News Events in Television History

News Events in Television History

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News Events in Television History

News Events in the History of TV

In chronicling the past 50 years of television, the Academy of Television Arts and Sciences includes many clips from historical events that were carried on television. Including these news events is appropriate to the history of television because the advent of this technology brought the nation and world together in times of tragedy and joy via the 'global village' created by this medium. The events that changed our world also changed the world of television. It can be argued that it is not necessary to include world events when discussing the history of television, simply because they were not created for television, but television created programming to include it, but this is a narrow-minded view of the medium that is television. The fact that the entire world was able to be brought together and be educated about world news at the same time was a revolutionary thing.

Rather than television changing the course of human events, human events changed the direction in which television programming was headed. Prior to television, people found out about happenings through word of mouth, or newspapers at best. This new media source brought a sense of immediacy to current events. The inclusion of the assassination of John F. Kennedy in the montage from the Emmy awards shows a critical turning point in television news. Prior to this event, news on television was not as important to citizens because nothing so monumental had been broadcast that affected as many people. This changed the basis of television news from small, local, everyday events, to coverage of worldwide occurrences that had a deep impact on everyone.
Some may argue that these news events should not have been included in such a short montage of the history of television. Clips from such events as the Vietnam War and the crash of the space shuttle Challenger were not part of television. They were part of the military history and NASA, respectively. Simply because they were broadcast on television does not make them part of television history. Television began as an entertainment medium, and continues to entertain as a primary function. The broadcast of news events is part of television, but should not be considered so important as to be included in such a compact history.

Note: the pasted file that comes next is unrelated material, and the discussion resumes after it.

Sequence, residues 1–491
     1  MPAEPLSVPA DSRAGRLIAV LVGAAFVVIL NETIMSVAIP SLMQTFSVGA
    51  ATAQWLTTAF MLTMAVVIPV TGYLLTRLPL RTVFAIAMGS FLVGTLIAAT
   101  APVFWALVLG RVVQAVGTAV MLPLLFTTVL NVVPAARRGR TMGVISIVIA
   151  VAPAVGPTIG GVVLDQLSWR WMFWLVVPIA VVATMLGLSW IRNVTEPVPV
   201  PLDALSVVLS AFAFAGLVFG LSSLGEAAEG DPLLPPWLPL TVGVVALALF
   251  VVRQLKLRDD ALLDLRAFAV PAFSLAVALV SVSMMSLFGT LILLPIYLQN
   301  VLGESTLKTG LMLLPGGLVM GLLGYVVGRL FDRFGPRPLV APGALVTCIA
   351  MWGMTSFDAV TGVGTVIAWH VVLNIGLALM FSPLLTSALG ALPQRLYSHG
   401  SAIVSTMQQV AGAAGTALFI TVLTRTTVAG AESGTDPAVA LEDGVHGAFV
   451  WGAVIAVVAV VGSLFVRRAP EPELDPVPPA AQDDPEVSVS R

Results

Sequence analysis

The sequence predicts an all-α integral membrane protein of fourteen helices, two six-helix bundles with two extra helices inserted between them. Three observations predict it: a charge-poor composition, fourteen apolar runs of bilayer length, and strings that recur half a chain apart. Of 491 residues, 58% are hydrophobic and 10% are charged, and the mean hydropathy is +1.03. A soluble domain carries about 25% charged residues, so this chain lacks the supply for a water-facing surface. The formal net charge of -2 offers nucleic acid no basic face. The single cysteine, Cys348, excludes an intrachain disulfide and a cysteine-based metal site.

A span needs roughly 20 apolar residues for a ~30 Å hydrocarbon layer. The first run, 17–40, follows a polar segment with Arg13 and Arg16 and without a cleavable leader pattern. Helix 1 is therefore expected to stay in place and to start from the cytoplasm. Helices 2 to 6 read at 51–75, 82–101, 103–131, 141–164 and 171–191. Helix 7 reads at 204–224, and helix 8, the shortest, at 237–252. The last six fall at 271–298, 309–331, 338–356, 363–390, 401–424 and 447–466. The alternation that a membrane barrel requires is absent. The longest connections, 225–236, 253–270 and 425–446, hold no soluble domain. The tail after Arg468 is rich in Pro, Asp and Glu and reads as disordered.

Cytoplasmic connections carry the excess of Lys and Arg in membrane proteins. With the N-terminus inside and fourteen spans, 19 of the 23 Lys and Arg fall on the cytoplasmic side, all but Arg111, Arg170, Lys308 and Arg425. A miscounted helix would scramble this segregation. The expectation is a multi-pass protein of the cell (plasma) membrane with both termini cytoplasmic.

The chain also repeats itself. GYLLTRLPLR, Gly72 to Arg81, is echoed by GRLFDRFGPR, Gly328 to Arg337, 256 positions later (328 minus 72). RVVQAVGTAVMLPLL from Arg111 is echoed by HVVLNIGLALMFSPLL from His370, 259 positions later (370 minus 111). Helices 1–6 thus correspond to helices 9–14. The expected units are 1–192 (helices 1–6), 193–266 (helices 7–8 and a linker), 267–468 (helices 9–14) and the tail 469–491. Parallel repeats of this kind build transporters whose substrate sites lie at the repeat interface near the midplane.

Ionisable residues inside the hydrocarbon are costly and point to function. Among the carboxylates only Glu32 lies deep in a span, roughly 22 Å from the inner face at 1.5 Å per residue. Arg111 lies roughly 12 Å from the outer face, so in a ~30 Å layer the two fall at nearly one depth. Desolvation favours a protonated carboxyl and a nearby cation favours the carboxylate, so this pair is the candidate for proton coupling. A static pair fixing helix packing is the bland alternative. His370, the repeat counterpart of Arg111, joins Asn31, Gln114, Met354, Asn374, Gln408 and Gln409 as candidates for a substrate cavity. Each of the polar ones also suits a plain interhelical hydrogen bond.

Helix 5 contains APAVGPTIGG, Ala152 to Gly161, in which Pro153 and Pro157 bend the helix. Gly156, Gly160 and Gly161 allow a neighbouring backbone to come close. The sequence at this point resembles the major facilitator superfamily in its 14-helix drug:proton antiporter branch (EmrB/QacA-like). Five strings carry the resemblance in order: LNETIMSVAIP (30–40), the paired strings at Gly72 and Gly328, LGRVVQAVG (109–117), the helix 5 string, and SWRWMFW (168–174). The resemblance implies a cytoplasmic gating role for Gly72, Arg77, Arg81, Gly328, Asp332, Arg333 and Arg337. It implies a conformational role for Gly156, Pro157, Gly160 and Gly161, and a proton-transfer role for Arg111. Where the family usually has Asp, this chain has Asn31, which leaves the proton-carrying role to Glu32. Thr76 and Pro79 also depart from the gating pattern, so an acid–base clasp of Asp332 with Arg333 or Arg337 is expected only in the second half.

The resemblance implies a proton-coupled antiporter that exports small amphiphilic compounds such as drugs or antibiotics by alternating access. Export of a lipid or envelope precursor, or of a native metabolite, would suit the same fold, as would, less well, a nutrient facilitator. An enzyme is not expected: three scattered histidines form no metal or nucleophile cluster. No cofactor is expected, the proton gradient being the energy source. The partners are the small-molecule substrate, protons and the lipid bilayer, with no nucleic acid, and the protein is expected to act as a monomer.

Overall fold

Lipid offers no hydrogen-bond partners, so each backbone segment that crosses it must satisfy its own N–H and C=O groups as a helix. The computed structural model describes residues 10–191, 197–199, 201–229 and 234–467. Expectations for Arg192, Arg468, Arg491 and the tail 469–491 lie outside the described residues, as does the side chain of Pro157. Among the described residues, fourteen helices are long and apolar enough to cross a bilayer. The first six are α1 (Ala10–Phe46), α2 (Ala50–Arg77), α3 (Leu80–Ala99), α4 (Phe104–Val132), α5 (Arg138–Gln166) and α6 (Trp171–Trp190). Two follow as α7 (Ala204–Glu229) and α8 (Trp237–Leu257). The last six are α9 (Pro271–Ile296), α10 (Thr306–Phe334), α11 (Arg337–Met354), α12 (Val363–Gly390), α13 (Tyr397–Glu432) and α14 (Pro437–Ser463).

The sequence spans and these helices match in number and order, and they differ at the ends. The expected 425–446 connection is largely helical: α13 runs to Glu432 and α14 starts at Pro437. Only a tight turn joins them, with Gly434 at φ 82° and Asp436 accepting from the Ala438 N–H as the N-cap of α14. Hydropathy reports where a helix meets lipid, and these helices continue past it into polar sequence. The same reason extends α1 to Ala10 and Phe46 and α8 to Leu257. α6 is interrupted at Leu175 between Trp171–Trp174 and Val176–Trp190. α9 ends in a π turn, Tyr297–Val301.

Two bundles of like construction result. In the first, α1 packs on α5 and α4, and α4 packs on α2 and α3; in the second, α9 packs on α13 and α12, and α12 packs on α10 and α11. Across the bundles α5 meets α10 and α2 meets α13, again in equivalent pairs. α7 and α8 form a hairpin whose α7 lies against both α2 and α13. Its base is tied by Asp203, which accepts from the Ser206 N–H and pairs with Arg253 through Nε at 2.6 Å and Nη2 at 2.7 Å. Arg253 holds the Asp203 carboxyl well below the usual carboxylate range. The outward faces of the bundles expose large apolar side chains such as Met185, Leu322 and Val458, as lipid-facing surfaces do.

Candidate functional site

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This is a very closed way of looking at things, however, as these events not only changed history, including television, but changed the people who witnessed them through the eye of the television camera. Events such as the assassination of Martin Luther King, Jr. and the moon landing were viewed worldwide through the immediacy of television. These events were not changed by television; television was changed by them. The initial turning point of broadcast news was the assassination of President Kennedy. Never before had so many viewers tuned into the same program at the same time. Coverage of the tragedy lasted for four solid days. As quoted from Marya Mannes in Barnouw's Tube of Plenty, 'This was not viewing. This was total involvement.' The majority of US citizens were informed of the shootings through television, and that is what they remember of the tragedy. Television changed the way they saw the world.

Current events are an extremely important part of the history of television. They not only affected millions of people in a way not possible before television, but the sight of these events on television is what impacted the people the most. Granted, these events occurred outside of a television studio and were not made for television, but they were covered by television and remain a vital part of it. The 'global village' envisioned by early pioneers of radio had indeed come to fruition through television and the news events covered by the medium.
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